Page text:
Why learn Chinese?

General discussion about learning languages
YAFEEF
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Why learn Chinese?

Postby YAFEEF » Tue Mar 12, 2019 3:14 pm

Chinese is the official language of China,and is spoken in many Asian countries such as Malaysia and Singapore as their primary language.With more than 1.2 billion native speakers in the world,Chinese is one of the most widely spoken languages in the world.
Besides,China is growing rapidly recent years and maybe more work opportunities will be offered to people around the world. Most importantly,China is a very good tourist destination --the Chinese are very friendly, the foods are fantastic and the landscape is awesome! :D So,even if English can be used in most of the developed area,it will be a better idea for you to learn some Chinese and rich your experience. :lol:
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sherbert
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Re: Why learn Chinese?

Postby sherbert » Tue Mar 12, 2019 9:42 pm

They say that learning Chinese is like a mountain shrouded in mist that is too difficult to climb. But I think that Chinese is so daunting that it is really is 4 mountains---speaking, comprehension, reading and writing. But the great thing about Chinese, is that the "mountain" of speaking is only an anthill when compared with the other 3 aforementioned mountains.

And that is why quite a few people, including those from English monoglot backgrounds, are able to speak almost native-quality Chinese within 18 months.

That cannot be said of other ostensibly extremely difficult languages, like Arabic, Russian, Navajo, etc. It has been observed that when hyperpolyglots have intensely studied both Chinese and Russian, their Chinese is invariably better.

That's because, in my experience, Chinese is a much easier language to speak than to understand. Even though it is tonal, I can't imagine Chinese tones being more difficult than those of Navajo. However, understanding Chinese as a non-native is much more difficult than understanding Russian.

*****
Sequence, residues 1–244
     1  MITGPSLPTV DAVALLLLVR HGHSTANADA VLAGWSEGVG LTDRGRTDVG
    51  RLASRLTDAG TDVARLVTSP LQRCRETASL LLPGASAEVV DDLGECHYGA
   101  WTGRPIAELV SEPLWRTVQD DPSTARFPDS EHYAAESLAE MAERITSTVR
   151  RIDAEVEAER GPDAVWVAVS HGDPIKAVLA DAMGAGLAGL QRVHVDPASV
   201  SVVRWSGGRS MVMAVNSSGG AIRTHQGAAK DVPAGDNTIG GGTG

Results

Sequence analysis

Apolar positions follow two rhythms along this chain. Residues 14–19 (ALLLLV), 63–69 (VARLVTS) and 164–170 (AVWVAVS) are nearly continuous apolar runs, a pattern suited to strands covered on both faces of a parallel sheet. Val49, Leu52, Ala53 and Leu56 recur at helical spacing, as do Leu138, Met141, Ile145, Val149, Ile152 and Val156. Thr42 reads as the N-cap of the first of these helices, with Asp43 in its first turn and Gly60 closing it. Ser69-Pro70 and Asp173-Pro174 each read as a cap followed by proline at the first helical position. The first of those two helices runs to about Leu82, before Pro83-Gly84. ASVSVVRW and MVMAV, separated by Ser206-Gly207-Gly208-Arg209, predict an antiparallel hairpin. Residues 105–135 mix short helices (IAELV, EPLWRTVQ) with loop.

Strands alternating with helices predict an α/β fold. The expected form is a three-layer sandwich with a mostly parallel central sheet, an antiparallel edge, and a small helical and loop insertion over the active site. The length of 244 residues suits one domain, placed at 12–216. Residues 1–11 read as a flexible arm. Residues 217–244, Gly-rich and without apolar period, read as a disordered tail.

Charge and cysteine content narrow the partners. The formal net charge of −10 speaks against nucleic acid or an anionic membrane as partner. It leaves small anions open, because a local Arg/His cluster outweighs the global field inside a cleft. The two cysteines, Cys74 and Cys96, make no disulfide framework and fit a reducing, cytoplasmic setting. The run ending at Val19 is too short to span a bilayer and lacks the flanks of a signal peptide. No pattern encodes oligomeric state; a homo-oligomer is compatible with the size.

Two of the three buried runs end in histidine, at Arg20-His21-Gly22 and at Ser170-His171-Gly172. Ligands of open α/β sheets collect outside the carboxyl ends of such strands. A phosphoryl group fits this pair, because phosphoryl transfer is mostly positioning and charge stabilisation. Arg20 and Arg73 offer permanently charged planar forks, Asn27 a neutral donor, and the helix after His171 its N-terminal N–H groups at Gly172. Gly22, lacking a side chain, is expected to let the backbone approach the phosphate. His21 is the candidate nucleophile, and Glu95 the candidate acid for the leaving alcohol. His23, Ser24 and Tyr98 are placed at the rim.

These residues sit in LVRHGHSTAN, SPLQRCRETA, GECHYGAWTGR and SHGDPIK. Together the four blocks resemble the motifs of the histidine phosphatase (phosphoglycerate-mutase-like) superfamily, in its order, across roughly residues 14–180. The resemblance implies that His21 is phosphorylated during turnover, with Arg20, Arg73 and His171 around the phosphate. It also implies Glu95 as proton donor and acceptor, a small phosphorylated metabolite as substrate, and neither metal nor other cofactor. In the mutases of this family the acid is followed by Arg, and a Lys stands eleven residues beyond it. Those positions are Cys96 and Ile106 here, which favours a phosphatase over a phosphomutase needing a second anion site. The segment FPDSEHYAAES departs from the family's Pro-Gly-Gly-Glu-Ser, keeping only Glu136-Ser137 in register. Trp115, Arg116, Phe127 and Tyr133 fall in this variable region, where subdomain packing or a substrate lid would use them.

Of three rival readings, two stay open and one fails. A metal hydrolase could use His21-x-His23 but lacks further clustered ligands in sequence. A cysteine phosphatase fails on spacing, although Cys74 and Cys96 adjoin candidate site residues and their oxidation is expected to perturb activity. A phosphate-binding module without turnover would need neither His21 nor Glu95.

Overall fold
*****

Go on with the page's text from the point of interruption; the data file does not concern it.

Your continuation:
But even though Chinese is a not a language for "dabblers", the success of non-native learners testifies to the fact that it is a language worth learning.
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lichtrausch
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Re: Why learn Chinese?

Postby lichtrausch » Tue Mar 12, 2019 11:02 pm

sherbert wrote:They say that learning Chinese is like a mountain shrouded in mist that is too difficult to climb. But I think that Chinese is so daunting that it is really is 4 mountains---speaking, comprehension, reading and writing. But the great thing about Chinese, is that the "mountain" of speaking is only an anthill when compared with the other 3 aforementioned mountains.

And that is why quite a few people, including those from English monoglot backgrounds, are able to speak almost native-quality Chinese within 18 months.

That cannot be said of other ostensibly extremely difficult languages, like Arabic, Russian, Navajo, etc. It has been observed that when hyperpolyglots have intensely studied both Chinese and Russian, their Chinese is invariably better.

That's because, in my experience, Chinese is a much easier language to speak than to understand. Even though it is tonal, I can't imagine Chinese tones being more difficult than those of Navajo. However, understanding Chinese as a non-native is much more difficult than understanding Russian.

But even though Chinese is a not a language for "dabblers", the success of non-native learners testifies to the fact that it is a language worth learning.

This doesn't make sense. If your listening comprehension for a language isn't "almost native-quality", then your speaking in that language isn't up to that level either. At best you can feign that level of speaking in certain controlled circumstances like giving a speech or performing a monologue in a Youtube video.
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Inst